Long-overdue law reforms to ban religious organisations and faith-based schools in Victoria from refusing to hire or sacking teachers and staff for being LGBTQI came into effect Tuesday, June 14, 2022.
The Equal Opportunity (Religious Exceptions) Amendment Act passed by the Victorian Parliament in December 2021 commenced on Tuesday. Victoria now joins other jurisdictions in Australia that have enacted laws to protect LGBTQI staff. Tasmania, Queensland and the Australian Capital Territory (ACT) already prohibit religious organisations and schools from sacking staff for being LGBTQI.
LGBTQI advocacy organisations and unions said that the Victorian government’s law reforms protect not just school staff but also students.
“This is a day to celebrate,” Debra James, General Secretary, Independent Education Union Victoria Tasmania told Star Observer. The IEU represents over 20,000 workers in non-government education in Victoria and Tasmania.
“The IEU has been campaigning for these reforms for over a decade, and we are thrilled that at long last our members working in faith-based schools are entitled to the same protections as other workers. Ultimately, it is our students that benefit when school staffing is determined on merit rather than on irrelevant factors such as marital or parental status, sexual orientation, or gender identity,” said James.
Anna Brown, CEO, Equality Australia called it a “momentous day and a huge step forward for fairness and equality in Victoria”.
‘Laws Have Been A Long Time Coming’
The Daniel Andrews-led Labor government’s Equal Opportunity (Religious Exceptions) Amendment bill to remove religious exemptions from the state’s anti-discrimination laws was passed in December 2021.
The Bill had received the support of the Greens and cross-benchers including Reason Party’s Fiona Patten, the Derryn Hinch Justice Party’s Tania Maxwell and Stuart Grimley, the Transport Party’s Rod Barton, Sustainable Australia’s Clifford Hayes and Animal Justice Party’s Andy Meddick. The Liberal party had voted against the law both in the upper and lower houses.
“These laws have been a long time coming and it’s been a painful journey for our LGBTIQ+ community to achieve these changes – I hope today is a day they can be proud of,” Victorian Attorney-General Jaclyn Symes said in a statement.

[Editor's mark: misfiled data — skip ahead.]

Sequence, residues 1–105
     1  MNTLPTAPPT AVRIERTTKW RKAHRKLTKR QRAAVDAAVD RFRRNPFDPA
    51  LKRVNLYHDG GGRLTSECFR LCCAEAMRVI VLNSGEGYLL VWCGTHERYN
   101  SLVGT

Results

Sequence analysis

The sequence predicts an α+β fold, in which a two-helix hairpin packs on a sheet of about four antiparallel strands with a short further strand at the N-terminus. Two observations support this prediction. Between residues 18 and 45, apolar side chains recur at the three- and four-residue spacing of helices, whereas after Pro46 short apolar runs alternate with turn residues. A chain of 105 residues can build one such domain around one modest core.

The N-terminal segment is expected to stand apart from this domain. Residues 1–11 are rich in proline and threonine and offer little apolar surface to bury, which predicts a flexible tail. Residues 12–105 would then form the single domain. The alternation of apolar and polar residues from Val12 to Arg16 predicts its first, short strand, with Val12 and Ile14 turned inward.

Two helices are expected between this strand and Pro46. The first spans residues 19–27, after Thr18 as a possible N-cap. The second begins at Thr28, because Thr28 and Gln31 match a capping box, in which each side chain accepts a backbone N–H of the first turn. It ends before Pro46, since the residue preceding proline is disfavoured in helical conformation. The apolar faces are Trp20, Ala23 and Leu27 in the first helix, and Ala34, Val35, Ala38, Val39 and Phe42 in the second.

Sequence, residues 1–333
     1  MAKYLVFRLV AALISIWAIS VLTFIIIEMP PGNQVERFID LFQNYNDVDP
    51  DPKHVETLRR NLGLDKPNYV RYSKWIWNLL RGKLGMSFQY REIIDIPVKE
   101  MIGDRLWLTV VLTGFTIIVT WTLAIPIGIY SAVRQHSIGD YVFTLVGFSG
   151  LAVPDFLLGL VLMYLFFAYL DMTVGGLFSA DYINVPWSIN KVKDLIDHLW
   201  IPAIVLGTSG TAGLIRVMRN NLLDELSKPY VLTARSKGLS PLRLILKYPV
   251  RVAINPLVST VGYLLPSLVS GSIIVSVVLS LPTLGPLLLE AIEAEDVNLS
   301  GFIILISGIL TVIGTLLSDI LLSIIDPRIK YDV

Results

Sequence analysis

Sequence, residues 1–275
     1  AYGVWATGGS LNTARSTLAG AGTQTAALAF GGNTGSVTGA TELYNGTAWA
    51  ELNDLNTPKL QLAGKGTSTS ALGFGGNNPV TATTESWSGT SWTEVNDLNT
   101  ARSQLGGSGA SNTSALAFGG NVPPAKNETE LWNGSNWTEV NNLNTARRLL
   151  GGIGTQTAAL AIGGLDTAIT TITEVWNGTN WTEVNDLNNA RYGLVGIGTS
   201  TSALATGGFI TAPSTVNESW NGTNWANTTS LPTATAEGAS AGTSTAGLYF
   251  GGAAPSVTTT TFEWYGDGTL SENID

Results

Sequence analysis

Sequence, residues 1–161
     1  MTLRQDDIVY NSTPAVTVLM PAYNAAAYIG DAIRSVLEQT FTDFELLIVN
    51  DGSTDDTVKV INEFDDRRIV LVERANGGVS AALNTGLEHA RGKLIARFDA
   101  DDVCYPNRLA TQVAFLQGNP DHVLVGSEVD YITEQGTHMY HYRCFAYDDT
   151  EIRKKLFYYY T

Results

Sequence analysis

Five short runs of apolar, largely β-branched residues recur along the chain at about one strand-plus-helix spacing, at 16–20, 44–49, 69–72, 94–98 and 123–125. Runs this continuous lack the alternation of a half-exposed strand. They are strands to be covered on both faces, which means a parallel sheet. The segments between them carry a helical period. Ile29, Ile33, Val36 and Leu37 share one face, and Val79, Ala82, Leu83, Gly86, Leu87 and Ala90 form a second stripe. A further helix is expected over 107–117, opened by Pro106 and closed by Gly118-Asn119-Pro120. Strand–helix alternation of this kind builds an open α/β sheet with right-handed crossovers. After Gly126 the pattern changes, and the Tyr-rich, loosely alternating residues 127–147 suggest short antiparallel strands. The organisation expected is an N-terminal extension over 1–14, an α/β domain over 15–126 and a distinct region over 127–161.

According to Minister of Equality Martin Foley, the law reforms “show how important it is to continue backing the rights of the LGBTIQ+ community in all aspects of life.”
New Law Removes Religious Exemptions
Under the new laws, religious organisations and faith-based schools will be banned from sacking or refusing to hire staff on account of their sexuality, gender identity or marital status.
Religious beliefs of staff can play a role while making employment decisions only for roles such as religious studies teacher. The law will also not encroach on the rights of religious bodies to select priests, ministers, religious leaders or their members.
Other provisions of the new law that bar religious organisations receiving government funding from refusing to provide services to people based on protected attributes will come into effect in December 2022.
Earlier this year, the former Scott Morrison-led government has tried to pass the Religious Discrimination Bill that threatened to override laws in Victoria and Tasmania that were meant to protect LGBTQI people.
‘Sky Does Not Fall In’
The federal government last week said they were committed to deliver on the Labor’s election campaign promise to protect religious people from discrimination, without affecting the rights of other vulnerable and marginalised groups.
Labor said they would “protect teachers from discrimination at work, whilst maintaining the right of religious schools to preference people of their faith in the selection of staff.”
IEU Victoria Tasmania General secretary James said it was time for other jurisdictions in Australia as well as the federal government to follow the lead of states and territories that have removed religious exemptions from anti-discrimination laws.
“It’s time for similar protections in federal legislation – we hope that the Albanese government will see that proper anti-discrimination protections covering all workers and students don’t cause the sky to fall in,” said James.
Brown, CEO, Equality Australia, echoed the sentiments. “Regardless of where we live in Australia, every one of us deserves to live, work and study with dignity and respect, no matter who we are or whom we love.”.
“The Albanese Government should act within the first hundred days to fill gaps in protection for LGBTQ+ students and teachers in religious schools and extend those same protections to all staff working in any faith-based organisations, and LGBTQ+ people accessing services from religious providers,” added Brown.